June 24, 2016
You never know what you’re gonna get from Siltbreeze Records — messy American rock? droney Kiwi lo-fi? experimental noise from parts unknown? — but the debut record by Philly psych-folk singer Rosali is especially unexpected. "Out of Love" is dark and sweet and deeply honest, usually just an acoustic guitar and earnest, slightly ethereal vocals. Rosali (last name Middleman; you might have seen her spooky old band Blood Like Mine) is just wrapping up her first tour as a solo artist. Last night she was in Charlotte, North Carolina, and we caught upvia via email, just hours after she saw The Cure in concert.
You play pretty, sometimes stark music. It can get a little louder — like “All Day Long,” which I love — but mostly you need people to shut up and pay attention. What do you do to make that happen? Is it a struggle?
So far it hasn't been a struggle with audiences, they've been very generous with their attention. Maybe it's my sincerity. I have started sets that I've had to play over the classic bar noise but I either ignore it or have had audience members tell people to shut up. Really the struggle is in my own head to let go enough to make a great show.
What are you doing on Siltbreeze with all those noisy lo-fi bands?
As legend has it, a mutual friend recommended me to Tom Lax and he approached me about putting out a record. I'd already been working and recording "Out of Love" but I told him that maybe it was too straight forward for Siltbreeze. He'd expressed interest in my previous duo, Blood Like Mine, which sounds right at home on the label. But we were taking our time finishing up the material and at one [point he] offered to release it “Out of Love” and I happily agreed. I don't think of everything on the label as being noisy, though I know that is what people associate it with. Like the Sarah Mary Chadwick release from last year is pretty crushingly sensitive. Also, I'm happy my record doesn't come across as lo-fi, though it was basically a home recording. Just had some really great help with recording from the most talented Gerhardt Koerner. And James Plotkin beautifully mastered it.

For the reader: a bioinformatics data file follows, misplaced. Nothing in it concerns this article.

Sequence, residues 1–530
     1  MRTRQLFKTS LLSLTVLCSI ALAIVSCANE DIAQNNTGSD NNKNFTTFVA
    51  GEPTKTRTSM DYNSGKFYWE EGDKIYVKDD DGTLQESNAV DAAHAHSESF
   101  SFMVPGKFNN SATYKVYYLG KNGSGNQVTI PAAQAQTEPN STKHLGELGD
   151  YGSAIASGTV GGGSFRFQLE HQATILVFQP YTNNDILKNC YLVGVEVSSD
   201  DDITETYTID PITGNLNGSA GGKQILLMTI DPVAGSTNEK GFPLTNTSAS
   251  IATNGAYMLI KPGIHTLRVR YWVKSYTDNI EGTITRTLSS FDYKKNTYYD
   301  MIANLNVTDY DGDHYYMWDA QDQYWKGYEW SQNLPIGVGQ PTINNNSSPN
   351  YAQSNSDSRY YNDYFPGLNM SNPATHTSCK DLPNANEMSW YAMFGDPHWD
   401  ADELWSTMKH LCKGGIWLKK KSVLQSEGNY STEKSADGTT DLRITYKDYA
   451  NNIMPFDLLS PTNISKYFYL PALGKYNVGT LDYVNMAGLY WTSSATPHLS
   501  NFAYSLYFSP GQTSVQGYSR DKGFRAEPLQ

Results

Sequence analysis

“Your Song” strikes me as funny and serious at the same time — like the woman asking a lover whether he’ll still be there when her breasts sag to the ground. What inspired this song?
You are the only person who has ever told me they found that song funny. It's quite serious and though maybe the imagery of saggy boobs is humorous to some, it is about wanting assurance that it's about more than physical attraction. I think it's safe to say it's something many women, and maybe men think about. It's also a love song with the main refrain being about lovers having a private language that extends beyond words.
Was this your first tour as a solo artist? What was it like?
Yes, I just finished a mini tour opening for Mary Lattimore, and it was my first time out. We had a wonderful time, very relaxed with receptive audiences and some friendly faces along the way. I was kicking a nasty cold so my voice wasn't where I wanted it to be, but I ended up having some pretty good shows. We loved playing the Tiny Bar at the Black Iris Gallery in Richmond, it was a special place. Same with Clovene in Louisville.
Okay, you just saw The Cure earlier tonight. How did they look/sound? Were you a big Cure fan back in the day?
They were great. Played four encores. I was and still am a fan. I remember asking my dad, also a musician, to help me learn “Friday I'm In Love” on guitar when I was maybe 14, but I don't think he was interested because he never did.
With Mary Lattimore and Hothead
Sunday, June 26
7 p.m. /
847N. Third St.